11. I'm not a big Paul fan. So, I haven't read him as well as I should. Detest the act but not the actor? I have spent so many years trying to understand other people - walk in their shoes, so to speak - that somewhere along the line I totally lost the ability to hate. One day, I looked around and it was gone. It wasn't anything I did intentionally, so I can't claim any merit badges. I worked in the criminal justice system for 27 years (2 yrs previous - I was a child abuse and neglect investigator.) In all those years and all those people - I never ran into someone totally evil. The difference between most of them and me was that I was raised by a set of wonderful parents and God heaped blessings on me that I often threw away with both hands. The most valuable gift I was given by my Mother - my faith. Most of these people had terrible parents, who came from a long line of bad parenting. They weren't heaped with alot of blessings or maybe any. They didn't know how to love themselves, much less anybody else or God. If you show them compassion - they see it as weakness. They are already shunned. But God keeps putting good people in their way to try and help them. Sometimes it works. But you have to understand them to reach them. For me, it has always been trying to show people, in as many ways as I can, what is in their best interest. So many people just don't seem to know.
    Ack! I've gone on apiece.
     
  12. Not at all Silk, You have value in your posts. I'm enjoying your input.
     
  13. Anabaptists were the 'radical' reformers of the 16th Century. They opposed infant baptism, the joining of the church and state, and Christians serving in the military. Their modern descendants are the Mennonites, Amish, Church of the Brethren, ect.

    An example of a reason for shunning would be perhaps someone who is stepping out on his wife. The Pastor and elders would make several attempts in private to get this person to forsake his sin. If he does not, he would be removed from the church. No one would have any fellowship with him unless it was to seek his reformation. It would be similar to 'excommunication' in some other denominations.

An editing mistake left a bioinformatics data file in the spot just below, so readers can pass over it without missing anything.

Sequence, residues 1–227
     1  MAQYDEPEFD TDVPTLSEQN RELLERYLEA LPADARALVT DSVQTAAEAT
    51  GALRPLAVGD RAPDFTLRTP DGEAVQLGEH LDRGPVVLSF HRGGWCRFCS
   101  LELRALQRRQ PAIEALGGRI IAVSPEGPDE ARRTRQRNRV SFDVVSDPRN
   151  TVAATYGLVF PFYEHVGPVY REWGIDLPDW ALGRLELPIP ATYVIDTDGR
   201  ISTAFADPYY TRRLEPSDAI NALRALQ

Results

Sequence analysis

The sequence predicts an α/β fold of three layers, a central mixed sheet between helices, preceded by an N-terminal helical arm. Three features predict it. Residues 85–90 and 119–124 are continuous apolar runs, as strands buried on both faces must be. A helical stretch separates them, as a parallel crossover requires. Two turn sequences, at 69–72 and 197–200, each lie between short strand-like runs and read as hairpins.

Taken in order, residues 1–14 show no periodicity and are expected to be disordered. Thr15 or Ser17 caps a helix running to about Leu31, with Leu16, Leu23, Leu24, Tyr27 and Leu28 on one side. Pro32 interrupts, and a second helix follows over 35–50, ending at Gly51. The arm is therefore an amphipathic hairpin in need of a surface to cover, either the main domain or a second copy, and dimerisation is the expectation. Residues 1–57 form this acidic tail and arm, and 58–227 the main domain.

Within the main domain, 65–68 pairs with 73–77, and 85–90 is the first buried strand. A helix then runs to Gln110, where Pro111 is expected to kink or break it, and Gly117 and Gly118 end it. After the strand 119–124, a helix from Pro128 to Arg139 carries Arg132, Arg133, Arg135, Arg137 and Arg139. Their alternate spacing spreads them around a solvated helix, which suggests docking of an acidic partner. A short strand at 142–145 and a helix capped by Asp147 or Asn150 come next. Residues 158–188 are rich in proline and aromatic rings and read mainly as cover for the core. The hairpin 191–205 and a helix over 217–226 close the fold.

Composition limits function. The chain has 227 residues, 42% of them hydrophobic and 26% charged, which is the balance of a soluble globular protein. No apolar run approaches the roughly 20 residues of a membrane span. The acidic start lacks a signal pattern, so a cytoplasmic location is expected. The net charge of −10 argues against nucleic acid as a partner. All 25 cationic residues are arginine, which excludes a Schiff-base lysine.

Yes, I believe it is a good thing in cases of serious sin. Such a member damages the testimony of the church to the world if their sin is tolerated. I do believe it is a good idea because it is biblical.

    I Corinthians 5

    1 It is reported commonly that there is fornication among you, and such fornication as is not so much as named among the Gentiles, that one should have his father's wife.
    2 And ye are puffed up, and have not rather mourned, that he that hath done this deed might be taken away from among you.
    3 For I verily, as absent in body, but present in spirit, have judged already, as though I were present, concerning him that hath so done this deed,
    4 In the name of our Lord Jesus Christ, when ye are gathered together, and my spirit, with the power of our Lord Jesus Christ,
    5 To deliver such an one unto Satan for the destruction of the flesh, that the spirit may be saved in the day of the Lord Jesus.
    6 Your glorying is not good. Know ye not that a little leaven leaveneth the whole lump?